Wine Tasting Party

Early September is a great time to start thinking about planning some great indoor parties. While you may love the freedom of entertaining outdoors and the great taste of grilled entrees, when the leaves start to change, often time a cozy indoor party is your best bet. Don’t feel that planning a party indoors limits the amount of fun you can have. The colder seasons are great for themed parties. If you’re looking for a sophisticated and fun party idea; think about inviting a few over and hosting wine tasting party.

Choosing a Wine:
Your average, house wine may be fine to drink with your daily meal, but when you throw a wine tasting party, you may want to consider going for quality wine. This doesn’t mean you need to spend a fortune, it merely means that you want to search for a wine with various characteristics that you can discern during your tasting. When choosing wines to offer at your tasting party, take time do a little research. At the very least, when you’re shopping for the wines read the explanation of the wine that is usually on the back of the bottle. You can also ask the sales associate at your local wine distributor, or browse the suggested wine lists often offered by online retailers.

How to Purchase Wines:

The internet is a great place to look for rare and unique items, and wine is no exception. Often time’s gourmet website will have a great selection of wines that you can order over the internet. Since they also offer many interesting cheeses and other foods, search for both food and wine that can create unique palette pleasing experiences during your party. If you don’t consider yourself very internet savvy or need the wine in a considerably short amount of time check out your local wine distributer and ask for some suggestions on what wines to purchase for your party, most sales reps will be happy to help you.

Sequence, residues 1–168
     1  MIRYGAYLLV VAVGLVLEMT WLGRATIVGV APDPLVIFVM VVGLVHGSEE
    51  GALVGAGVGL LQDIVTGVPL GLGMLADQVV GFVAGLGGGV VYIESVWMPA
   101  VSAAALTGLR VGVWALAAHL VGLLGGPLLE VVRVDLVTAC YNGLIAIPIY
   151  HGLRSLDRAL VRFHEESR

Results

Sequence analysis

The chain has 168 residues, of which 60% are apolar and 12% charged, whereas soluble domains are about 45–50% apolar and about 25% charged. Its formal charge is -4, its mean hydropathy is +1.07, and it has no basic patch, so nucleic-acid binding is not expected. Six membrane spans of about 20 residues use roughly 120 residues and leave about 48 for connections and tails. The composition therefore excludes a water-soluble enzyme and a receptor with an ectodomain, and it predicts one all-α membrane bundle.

I also offer the following suggestion to those who would like to offer a vast selection of wines yet don’t necessarily have the budget to do so. Consider asking your guests to bring a bottle of their favorite wine, or even suggesting a type if wine they could bring. Asking your guests to bring a bottle of wine will be an exciting wine to share favorites or new finds with friends.

Helpful Hint: The nature of a wine party is more apt for smaller get-togethers. Invite a few friends (10 guests is usually a pretty good number) that have a love for wine. If you’re looking for a party theme for a large amount of guests you might want to think of something a little more practical.

What Wines to Serve:

If this is your firsts wine party and you want to attempt to please varying palettes, I usually suggest serving a minimum of seven wines. Serving this number of wines will allow you to offer three red and white wines of varying classes (dry to sweet) as well as a blush wine such as a zinfandel.
It’s helpful to consider what type of foods will be accompanying your wine. There are various types’ food and wine parings, but as a general rule, you’ll want to choose white wines for light poultry or chicken dishes, red wines with beefs or spicy meats, and zinfandels for dishes like stir-fry or other Asian inspired foods.

Preparing the Wines:
To really get the full palate experience from each wine, it’s important to serve them properly. This means that the white wines must be chilled and that your red wines should be aerated. It’s also a good idea to supply your guests with at least two wine glasses. White wine is generally served in narrow glass and red wines are served in classes with wide bowls that allow the wine to aerate.

Helpful Hint: You may want to keep a pitcher of water and some basic cracker in a bowl to help guests clean their pallets.

What to Serve:

The food that will accompany your wines will also be important to the overall experience of your guests. You will want to serve foods that go well with wines such as cheese and cracker. Select various type sof cheeses so you can taste them with assorted wines. With the right selection of wine you should easily be able to pair most foods with at least one wine. However, it’s generally not a good idea to serve foods that are extremely strong in flavor since they may overpower the wines. Since wine is the main focus or your father choose foods that will compliment your wines, not wines that compliment your foods.

I highly suggest keeping the menu very simple. A wine tasting is a time for friends to get together and converse over good food and great wine. You will want guests to be able to mingle. Stay away from meals that require you to spend excessive time away from guests and in the kitchen. I also find that serving as meals that will require your guests to adhere to a specific eating and drinking pattern are not as functional as meals that offer the chance to eat, drink, and converse freely.

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About The Author, Jen Wasilewski
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